Can’t hardly bear how much you love bears? Go ahead and start celebrating. Sunday marks International Day for Bear Conservation, an important moment for the fuzzy mammals around the world, and a particularly poignant day in Colombia.

The country is home to the Andean bear, also known as the spectacled bear or oso anteojos, South America’s only native bear species and one that is threatened by loss of habitat in the high mountains of Colombia.

In just the past few weeks, two Andean bears were killed in the wild, making this Day for Bear Conservation a particularly critical one.

To increase public awareness, Colombia’s National Parks agency lit up social media Sunday with the hashtag #PonteLosAnteojosPorLaVida (#PutOnEyeglassesForLife), encouraging people to upload photos of themselves making eyeglasses with their hands.

“It’s an excellent opportunity for more Colombians to reflect on the importance of Andean bears,” said Julia Miranda, director of national parks for Colombia. “Those of us citizens who live in cities can focus on their value and importance, and those who live near their habitat can learn to live with them.”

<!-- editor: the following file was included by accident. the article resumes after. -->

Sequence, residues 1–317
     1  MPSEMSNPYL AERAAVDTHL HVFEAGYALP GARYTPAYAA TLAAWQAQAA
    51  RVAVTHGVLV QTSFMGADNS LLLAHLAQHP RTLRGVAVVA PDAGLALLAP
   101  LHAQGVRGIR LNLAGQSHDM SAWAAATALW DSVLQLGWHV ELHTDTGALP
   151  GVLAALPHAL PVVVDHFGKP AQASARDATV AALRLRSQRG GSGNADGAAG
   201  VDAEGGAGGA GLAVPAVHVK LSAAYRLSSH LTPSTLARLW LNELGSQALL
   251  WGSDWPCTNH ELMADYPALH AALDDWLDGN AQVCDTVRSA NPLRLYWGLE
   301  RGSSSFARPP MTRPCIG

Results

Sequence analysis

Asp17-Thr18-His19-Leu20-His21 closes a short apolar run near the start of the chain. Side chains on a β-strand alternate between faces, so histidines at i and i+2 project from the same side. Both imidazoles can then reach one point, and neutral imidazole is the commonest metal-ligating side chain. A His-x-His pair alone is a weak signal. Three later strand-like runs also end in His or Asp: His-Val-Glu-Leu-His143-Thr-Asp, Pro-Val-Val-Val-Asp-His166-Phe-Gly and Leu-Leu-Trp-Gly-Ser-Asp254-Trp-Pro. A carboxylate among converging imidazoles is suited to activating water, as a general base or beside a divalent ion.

The lighthearted campaign plays off of a coloring pattern characteristic of Andean bears that makes them look like they are wearing glasses — hence their colloquial name.

But the plight of bears around the world is hardly a laughing matter. Only eight species of bear currently exist and six of them are either endangered or vulnerable.

Spectacled bears are among the largest land animals on the continent and prefer to live in wet mountain forests, where they survive on an almost entirely vegetarian diet. Their range stretches from northern Venezuela to the mountains of Bolivia.

According to Colombia’s national parks service, logging, soil degradation and climate change have reduced the bears’ habitat by 30 percent over the last three decades.